Near Infrared Aerial Image - Spring Lake Rain Garden
There is growing concern regarding the number of incidents and the potential health risks associated with Harmful Algal Blooms (HABs). While some scientists suggest the presence and continued inflow of nutrients to affected water bodies is the underlying cause, others point to the increase of surface temperatures and changing climate as contributing factors. Whatever the reason for HABs, a system for rapid response and early warning is required for those that might ingest or are otherwise exposed to these toxins. AWRI researchers decided it might be interesting to test the potential use of an Unmanned Aerial Vehicles (UAV) in the study of algal blooms. These vehicles are small, safe, easily deployed, and are gaining in acceptance as valued research tools. Former AWRI Student Intern Alex Ebenstein was awarded a Michigan Space Grant from the Michigan Space Grant Consortium in 2013 which allowed the first experiments using UAVs on Muskegon Lake. By the end of the summer 2013, AWRI had developed a methodology that included a stable and dependable aerial platform, a reliable autopilot system and ground control station, and a high precision and calibrated infrared sensor. AWRI also demonstrated that it is feasible to develop a low-cost alternative to satellite imagery with sufficient spectral and spatial resolution to estimate chlorophyll concentrations in open water with reasonable accuracy.
Even though the use of a UAV in the analysis of algae concentrations proved worthwhile, there were some logistical challenges which led AWRI Associate Research Scientist John Koches to consider several options. The 2013 experiments involved the use of a fixed wing aircraft and there seems to be some advantage to a craft with vertical takeoff and landing capabilities. Efforts undertaken in 2013 also suggested a continued need to conduct in water measurements to complement the imagery gathered by the UAV. As a result, AWRI began to consider the practical use of multirotor UAVs over water. It also began the construction of a multi-hull Autonomous Surface Vehicle (ASV) during the summer of 2015. AWRI will use “follow-me” capabilities currently available with the autopilot and telemetry systems employed to create a wireless link between the surface and airborne vehicles so they are able to work in unison to take environmental measurements.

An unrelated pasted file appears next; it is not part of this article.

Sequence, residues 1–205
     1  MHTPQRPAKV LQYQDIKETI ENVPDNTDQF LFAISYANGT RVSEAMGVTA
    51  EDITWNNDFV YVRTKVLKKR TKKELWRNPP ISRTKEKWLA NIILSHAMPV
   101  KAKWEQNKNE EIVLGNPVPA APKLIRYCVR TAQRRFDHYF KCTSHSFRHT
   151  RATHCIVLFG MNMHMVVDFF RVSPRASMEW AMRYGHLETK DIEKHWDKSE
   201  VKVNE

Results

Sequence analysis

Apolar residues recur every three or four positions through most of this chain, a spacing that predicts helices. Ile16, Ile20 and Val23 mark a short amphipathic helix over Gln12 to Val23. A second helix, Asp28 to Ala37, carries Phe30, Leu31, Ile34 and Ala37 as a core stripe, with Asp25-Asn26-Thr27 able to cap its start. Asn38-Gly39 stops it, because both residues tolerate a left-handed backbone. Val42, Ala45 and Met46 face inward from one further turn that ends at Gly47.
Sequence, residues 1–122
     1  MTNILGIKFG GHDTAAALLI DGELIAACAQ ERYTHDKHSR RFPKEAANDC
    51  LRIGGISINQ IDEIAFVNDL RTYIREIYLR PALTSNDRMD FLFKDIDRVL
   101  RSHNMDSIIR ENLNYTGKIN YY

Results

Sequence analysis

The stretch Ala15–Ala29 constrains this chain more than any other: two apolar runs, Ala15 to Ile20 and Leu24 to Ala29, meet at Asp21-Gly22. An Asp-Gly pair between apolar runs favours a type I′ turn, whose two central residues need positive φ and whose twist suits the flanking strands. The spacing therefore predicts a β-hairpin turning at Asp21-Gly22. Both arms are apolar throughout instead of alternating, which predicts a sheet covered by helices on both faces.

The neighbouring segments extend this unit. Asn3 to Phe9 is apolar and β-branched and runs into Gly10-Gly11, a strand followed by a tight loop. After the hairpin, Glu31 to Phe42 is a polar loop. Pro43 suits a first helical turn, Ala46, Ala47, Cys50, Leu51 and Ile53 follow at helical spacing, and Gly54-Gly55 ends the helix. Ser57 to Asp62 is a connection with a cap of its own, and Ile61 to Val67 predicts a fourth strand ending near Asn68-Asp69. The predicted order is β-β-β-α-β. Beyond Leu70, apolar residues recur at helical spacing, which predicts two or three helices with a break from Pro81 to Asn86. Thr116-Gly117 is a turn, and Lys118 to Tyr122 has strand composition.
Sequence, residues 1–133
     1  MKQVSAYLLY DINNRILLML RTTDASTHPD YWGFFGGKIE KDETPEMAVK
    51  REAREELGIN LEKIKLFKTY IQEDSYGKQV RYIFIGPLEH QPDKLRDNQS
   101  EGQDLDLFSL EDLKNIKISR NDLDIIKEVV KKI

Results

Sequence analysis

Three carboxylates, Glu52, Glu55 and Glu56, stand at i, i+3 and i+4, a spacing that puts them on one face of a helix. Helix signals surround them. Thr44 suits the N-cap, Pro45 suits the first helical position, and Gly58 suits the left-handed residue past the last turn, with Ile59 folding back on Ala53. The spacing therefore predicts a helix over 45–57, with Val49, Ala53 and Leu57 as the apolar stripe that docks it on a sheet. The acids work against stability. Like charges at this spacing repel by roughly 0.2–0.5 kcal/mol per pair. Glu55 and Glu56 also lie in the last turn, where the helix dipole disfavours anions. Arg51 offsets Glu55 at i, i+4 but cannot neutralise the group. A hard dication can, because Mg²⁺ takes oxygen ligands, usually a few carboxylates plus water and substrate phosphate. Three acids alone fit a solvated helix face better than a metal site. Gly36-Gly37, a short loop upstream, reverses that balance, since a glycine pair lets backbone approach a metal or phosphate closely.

Gabriel Thelen, GVSU Engineering Student and 2015 recipient of the R. B. Annis Foundation Undergraduate Summer Internship, helped in the design and construction of the ASV in 2015. Thelen was recently awarded a 2016 Michigan Space Grant from the Michigan Space Grant Consortium to continue AWRI algal bloom research. The goals for this new project are 1) further testing of UAV components including the integration of the ASV technology, and 2) assess the practical use of alternative NIR sensors for the measure of lake chlorophyll concentrations.
Work on the AWRI "BoatBot" continues. Make sure to click HERE for an update!
For more information about the latest MSGC project contact Associate Research Scientist John Koches.